Drivers, benchmarks and new products

This is becoming weird. A few years ago, if a graphics card manufacturer brought a version of a graphic driver specially prepared for a specific software, everybody cried wolf and it was a scandal, a benchmark cheat and unwelcome optimisation to favor results on a specific measurement. Today, all this evolved significantly. Did you notice haw many version of the graphics drivers are officially targeted to some precise video game (and published just after its launch)?

In the spotlight:

This seems to become a rush for getting the most information from the publisher. nVidia or AMD? An upstream partnership then allows to have a driver optimized for this game or that one (hopefully for this demo of a video game, even before the game itself is ready).

Comparison becomes more and more difficult. Think about it: How can you be sure to buy the right graphics card for your set of PC video games? You must be sure that there was at least two months between the game(s) launch and the tests published in the press (and check that the reviewer actually used the latest version of the driver package). This was epitomized by the recent delivery of an AMD driver, several months after the launch of STALKER Shadow of Chernobyl (AMD does it again with a new driver for Quake Wars : Ennemy Territory), to push the performance up by 10% to 20% on this game. This is no a little detail if you notice that it is common to see a $100 price difference between two graphic cards that have this difference in performance.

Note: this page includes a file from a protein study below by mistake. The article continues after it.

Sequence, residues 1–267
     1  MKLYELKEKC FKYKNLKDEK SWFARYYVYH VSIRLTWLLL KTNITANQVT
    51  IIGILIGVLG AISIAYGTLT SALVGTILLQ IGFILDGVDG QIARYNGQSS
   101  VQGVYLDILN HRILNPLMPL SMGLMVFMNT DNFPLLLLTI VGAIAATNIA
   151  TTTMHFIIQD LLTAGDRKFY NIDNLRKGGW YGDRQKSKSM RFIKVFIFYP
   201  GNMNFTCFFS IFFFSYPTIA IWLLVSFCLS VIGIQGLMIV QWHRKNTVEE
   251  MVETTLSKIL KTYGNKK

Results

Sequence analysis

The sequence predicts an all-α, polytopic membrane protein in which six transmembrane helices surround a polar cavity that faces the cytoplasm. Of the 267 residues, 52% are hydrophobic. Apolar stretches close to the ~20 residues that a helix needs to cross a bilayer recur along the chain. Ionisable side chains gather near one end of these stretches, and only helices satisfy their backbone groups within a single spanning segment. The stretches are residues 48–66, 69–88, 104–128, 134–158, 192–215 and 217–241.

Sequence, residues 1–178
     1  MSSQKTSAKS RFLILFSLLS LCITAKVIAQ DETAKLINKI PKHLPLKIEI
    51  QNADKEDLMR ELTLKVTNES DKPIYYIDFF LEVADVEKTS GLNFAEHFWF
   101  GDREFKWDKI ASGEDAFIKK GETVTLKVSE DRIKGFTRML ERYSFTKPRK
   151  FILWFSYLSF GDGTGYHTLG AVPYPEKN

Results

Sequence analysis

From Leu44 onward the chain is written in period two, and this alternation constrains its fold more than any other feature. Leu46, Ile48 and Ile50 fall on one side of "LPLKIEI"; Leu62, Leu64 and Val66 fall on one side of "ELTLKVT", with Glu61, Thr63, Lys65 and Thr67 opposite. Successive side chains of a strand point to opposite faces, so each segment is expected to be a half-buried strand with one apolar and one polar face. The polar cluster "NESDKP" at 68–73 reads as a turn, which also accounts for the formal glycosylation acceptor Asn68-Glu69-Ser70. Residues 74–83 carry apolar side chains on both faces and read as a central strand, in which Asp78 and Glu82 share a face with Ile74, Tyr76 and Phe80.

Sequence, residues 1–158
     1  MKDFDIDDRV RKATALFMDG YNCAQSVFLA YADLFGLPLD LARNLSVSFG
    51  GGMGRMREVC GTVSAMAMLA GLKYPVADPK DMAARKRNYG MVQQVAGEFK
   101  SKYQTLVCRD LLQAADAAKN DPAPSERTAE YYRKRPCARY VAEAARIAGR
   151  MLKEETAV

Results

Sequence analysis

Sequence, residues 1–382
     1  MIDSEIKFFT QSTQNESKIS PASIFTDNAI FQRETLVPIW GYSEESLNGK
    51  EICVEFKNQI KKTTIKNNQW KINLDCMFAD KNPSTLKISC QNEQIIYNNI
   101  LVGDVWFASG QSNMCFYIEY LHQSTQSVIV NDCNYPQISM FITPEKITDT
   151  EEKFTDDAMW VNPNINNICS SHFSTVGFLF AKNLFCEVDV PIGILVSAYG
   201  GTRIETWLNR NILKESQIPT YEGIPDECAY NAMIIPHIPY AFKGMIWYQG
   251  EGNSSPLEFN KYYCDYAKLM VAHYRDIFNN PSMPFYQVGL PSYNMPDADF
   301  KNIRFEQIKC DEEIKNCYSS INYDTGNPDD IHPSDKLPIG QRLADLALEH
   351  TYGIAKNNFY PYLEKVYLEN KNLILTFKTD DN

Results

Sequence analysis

Is it the sign of a matured market? I doubt it. I believe that it is more a rush for performance where the driver developers are loosing ground against the hardware (graphic chipset) developers and the game developers. Time has come for chipset manufacturers and game developers to cooperate more (is it possible?) or to ease the work of the driver designers (but the Windows Vista drivers do not bode well).